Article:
Newscientist presented an article containing the views of over 70 scientists, including about a half dozen neuroscientists, over forecasting 50 years into the future. Apparently, the scientists' views were limited to 250 words or less, with the result being that most were limited to superficial or otherwise meaningless blurbs. It doesn't get much worse than Oliver Sacks' forecast:
"I expect a general theory of imagination, consciousness and self that will be powerful and illuminating a€“ and applicable in principle to sentient species everywhere. A happy coming-together of physiology, psychology and philosophy a€“ the a€œPPPa€? I dreamed about as a student 50 years ago."
Thanks for the info, Oliver! Very enlightening! Note that the grammatical errors are not mine. And this is what the Newscientist article considers a "brilliant mind"?
Or how about the forecast from Michael Gazzaniga?
"The next 50 years will focus on the social mind, the fact that humans are social animals and that most of the time our personal mental state is to be thinking about relationships. Does our species have a moral compass? Do we mostly get along because we enjoy common reactions to similar challenges? Can we truly understand how we understand others, their intentions, desires and beliefs? Understanding these issues is what is coming down the pike."
How do you expect to understand the social mind when you don't understand the mind, period? Sorry, but fMRI doesn't tell you much of anything. I predict that the whole edifice of fMRI will be obsolete within 20 years because 1) it is very low resolution, orders of magnitude coarser than individual neurons, and 2) it only reflects blood oxygenation levels and is not a good measure of neural activity. Similar comments apply to Daniel Schacter, whose vacuous forecast I won't deign to post.
Or let's see about the forecast from Antonio Damasio:
"Most of what I regard as exciting in recent neuroscience has concentrated on two broad areas: molecular neurobiology and an understanding of the systems related to cognition and behavior. The future will no doubt promote advances in those two areas. On the molecular side, it will be possible to know how so few genes (relatively speaking) create so much complexity in the human brain. On the systems side, it will be possible to fill in several missing links on the march between the specifications of genes and the neural structures and operations which support behavior and cognition. Once we get to that, the primordial soup will not look so far in the past."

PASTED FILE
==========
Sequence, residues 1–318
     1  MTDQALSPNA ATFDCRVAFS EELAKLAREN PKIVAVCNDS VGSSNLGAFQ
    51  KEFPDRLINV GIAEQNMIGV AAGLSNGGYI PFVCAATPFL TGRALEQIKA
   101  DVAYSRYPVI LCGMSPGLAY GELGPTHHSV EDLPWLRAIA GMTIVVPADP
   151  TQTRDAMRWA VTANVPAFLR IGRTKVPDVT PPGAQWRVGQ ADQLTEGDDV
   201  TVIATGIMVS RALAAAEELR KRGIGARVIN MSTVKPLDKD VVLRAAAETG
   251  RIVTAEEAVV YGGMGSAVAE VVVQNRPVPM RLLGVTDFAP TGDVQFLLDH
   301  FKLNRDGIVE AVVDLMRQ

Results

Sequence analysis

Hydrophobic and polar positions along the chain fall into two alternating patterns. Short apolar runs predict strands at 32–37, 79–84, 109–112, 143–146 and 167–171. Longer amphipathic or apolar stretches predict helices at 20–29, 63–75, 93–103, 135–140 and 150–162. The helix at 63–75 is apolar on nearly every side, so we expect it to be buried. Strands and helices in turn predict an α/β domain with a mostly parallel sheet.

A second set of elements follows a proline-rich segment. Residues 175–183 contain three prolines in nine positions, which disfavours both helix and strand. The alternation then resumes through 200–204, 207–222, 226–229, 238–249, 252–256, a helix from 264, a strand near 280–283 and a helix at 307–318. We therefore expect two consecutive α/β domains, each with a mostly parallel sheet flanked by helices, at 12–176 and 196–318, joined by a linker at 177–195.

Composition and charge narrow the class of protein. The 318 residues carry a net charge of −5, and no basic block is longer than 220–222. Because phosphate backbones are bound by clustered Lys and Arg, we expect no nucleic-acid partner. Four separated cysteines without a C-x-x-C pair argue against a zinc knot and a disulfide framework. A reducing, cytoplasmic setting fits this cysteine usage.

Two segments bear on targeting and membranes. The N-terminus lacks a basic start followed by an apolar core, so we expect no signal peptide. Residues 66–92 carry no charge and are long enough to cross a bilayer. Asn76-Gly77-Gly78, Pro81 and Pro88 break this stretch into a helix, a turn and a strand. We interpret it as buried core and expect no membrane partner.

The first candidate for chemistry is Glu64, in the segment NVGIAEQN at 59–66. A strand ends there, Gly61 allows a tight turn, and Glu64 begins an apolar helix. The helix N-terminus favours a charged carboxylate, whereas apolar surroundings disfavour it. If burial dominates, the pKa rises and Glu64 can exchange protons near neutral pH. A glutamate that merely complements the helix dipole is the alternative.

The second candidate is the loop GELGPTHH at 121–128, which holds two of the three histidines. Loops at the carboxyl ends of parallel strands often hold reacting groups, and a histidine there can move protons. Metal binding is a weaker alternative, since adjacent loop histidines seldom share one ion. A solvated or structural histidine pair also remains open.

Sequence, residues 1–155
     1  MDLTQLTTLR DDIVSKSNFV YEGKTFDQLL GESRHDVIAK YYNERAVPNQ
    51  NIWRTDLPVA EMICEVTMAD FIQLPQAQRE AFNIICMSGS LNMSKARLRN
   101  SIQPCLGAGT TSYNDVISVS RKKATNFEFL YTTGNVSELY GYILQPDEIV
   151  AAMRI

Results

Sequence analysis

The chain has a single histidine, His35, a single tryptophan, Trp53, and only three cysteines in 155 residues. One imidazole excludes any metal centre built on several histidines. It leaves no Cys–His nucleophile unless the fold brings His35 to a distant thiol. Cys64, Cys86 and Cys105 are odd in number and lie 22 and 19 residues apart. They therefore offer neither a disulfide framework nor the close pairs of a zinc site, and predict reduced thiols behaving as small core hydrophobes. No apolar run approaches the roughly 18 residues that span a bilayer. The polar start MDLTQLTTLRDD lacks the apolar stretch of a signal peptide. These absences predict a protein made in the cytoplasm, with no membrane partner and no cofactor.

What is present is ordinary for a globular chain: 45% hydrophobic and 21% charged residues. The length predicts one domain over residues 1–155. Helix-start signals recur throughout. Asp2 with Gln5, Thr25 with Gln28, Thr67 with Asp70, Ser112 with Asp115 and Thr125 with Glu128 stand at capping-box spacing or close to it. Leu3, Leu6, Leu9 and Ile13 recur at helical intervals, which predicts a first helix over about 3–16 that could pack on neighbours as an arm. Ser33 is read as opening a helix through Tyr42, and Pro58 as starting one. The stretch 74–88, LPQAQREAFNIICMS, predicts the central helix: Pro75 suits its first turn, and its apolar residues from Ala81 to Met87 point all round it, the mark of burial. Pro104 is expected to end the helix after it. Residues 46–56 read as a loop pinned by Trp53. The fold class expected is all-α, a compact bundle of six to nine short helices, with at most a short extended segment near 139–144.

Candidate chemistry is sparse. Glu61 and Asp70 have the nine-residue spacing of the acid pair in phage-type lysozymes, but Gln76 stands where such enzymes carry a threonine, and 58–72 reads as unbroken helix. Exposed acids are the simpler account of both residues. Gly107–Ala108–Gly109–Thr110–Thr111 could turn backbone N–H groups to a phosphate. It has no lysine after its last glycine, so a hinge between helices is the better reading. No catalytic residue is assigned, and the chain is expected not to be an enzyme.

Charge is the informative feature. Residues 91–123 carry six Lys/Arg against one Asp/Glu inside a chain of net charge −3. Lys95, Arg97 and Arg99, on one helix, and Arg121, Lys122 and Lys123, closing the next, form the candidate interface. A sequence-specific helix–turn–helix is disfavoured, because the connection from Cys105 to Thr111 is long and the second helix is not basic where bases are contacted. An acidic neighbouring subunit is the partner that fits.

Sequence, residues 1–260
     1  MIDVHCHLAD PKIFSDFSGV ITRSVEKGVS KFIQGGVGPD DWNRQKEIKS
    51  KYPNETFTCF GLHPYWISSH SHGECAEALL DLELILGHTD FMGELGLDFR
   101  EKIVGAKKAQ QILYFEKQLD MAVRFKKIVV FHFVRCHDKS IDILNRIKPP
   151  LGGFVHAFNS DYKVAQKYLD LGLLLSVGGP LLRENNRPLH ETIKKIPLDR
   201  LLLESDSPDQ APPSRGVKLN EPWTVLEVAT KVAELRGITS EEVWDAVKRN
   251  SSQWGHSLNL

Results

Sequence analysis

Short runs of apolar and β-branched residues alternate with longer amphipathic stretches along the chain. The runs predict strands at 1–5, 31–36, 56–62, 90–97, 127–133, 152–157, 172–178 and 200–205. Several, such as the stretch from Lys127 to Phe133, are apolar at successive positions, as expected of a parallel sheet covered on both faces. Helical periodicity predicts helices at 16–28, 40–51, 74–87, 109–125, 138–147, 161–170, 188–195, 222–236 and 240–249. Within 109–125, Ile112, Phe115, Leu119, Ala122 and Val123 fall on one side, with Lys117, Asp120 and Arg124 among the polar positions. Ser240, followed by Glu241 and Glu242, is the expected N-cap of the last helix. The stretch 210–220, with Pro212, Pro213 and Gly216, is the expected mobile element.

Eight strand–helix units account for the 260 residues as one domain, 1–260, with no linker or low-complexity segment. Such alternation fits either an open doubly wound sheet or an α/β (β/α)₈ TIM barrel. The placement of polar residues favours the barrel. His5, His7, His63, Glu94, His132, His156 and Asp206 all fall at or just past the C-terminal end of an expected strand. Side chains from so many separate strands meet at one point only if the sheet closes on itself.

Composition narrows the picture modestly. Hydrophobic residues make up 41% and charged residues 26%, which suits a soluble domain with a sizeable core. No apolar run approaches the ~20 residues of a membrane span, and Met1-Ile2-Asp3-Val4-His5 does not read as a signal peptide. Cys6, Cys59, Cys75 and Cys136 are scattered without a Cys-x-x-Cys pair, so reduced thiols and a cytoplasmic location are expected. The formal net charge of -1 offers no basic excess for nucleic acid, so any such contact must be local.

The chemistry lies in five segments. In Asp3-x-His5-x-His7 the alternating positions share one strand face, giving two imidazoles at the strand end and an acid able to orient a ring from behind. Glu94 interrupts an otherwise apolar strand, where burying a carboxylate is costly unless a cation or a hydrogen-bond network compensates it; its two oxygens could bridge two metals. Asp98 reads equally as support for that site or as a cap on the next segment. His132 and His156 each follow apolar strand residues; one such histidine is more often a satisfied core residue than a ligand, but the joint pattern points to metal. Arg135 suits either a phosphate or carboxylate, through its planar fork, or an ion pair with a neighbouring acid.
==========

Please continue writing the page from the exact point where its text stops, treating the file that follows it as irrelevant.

Not much of a prediction here. Perhaps not surprising considering that Damasio is not a "real" neuroscientist but rather a neurologist.
While I've held a somewhat negative view of Christof Koch ever since I heard him deliver an embarrassingly ridiculous lecture about consciousness and its connection with the brain a few years back, somewhat surprisingly, I think that his forecast is the most insightful of the bunch:
"Neuroscience needs to move beyond observing the brain in action to directly experimenting on it, thus allowing us to go past correlation to causation.
There are some ideas about how to do this. Molecular biologists are developing ways of switching small groups of neurons in an animal's brain off and on again, so the effect on behaviour can be observed. This technique will become routine over the next decade but will probably always remain of limited value to the human brain. Directly stimulating bits of the brain with microelectrodes is another approach, but requires opening the skull.
Neuro-engineers will develop better techniques. One possibility is using focused electromagnetic fields to target a small volume of brain matter, say the size of a pin head, from outside the skull. More likely is an implantable, organo-electrical brain-machine interface. The first use of such interfaces will be for research and neuroprosthetics, but their immense promise for enhancing the human mind and for effecting some sort of human-machine blend will begin to be realised by 2056."
Finally, a worthwhile and insightful prediction! He did leave out a few things, including the role of theoretical and computational neuroscience (too bad Henry Markram, Stephen Grossberg, or Teuvo Kohonen didn't make any forecasts; Terry Sejnowski did but surprisingly it left out any mention of theoretical or computational neuroscience).
Another point that Koch misses is that, it is not about going beyond correlation to causation, but rather about going from merely observing and describing the brain to controlling, modifying, extending, and enhancing it. It is about going from playing the role of passive observer to active participant. Right now, most neuroscience studies and methods focus on describing the brain in ever more detail. But the tools for modifying and controlling the brain, and for modifying and controlling neural activities, structures, and connectivities, are meager at best. Not only will the level of description become more comprehensive, so that, for example, the entire brain will be mapped out at protein or molecular level resolution, but novel techniques will come to the fore for controlling and manipulating neural activies, structures, and connectivities. It is to be expected that theoretical and computational neuroscience will keep pace with developments on the experimental side and will contribute to a better conceptual understanding of exactly what it is that the brain does and how it does it, in computational and physical terms, which in turn, will have a profound impact on the neural network and artificial intelligence communities. This is where neuroscience will be headed in the next 50 years!
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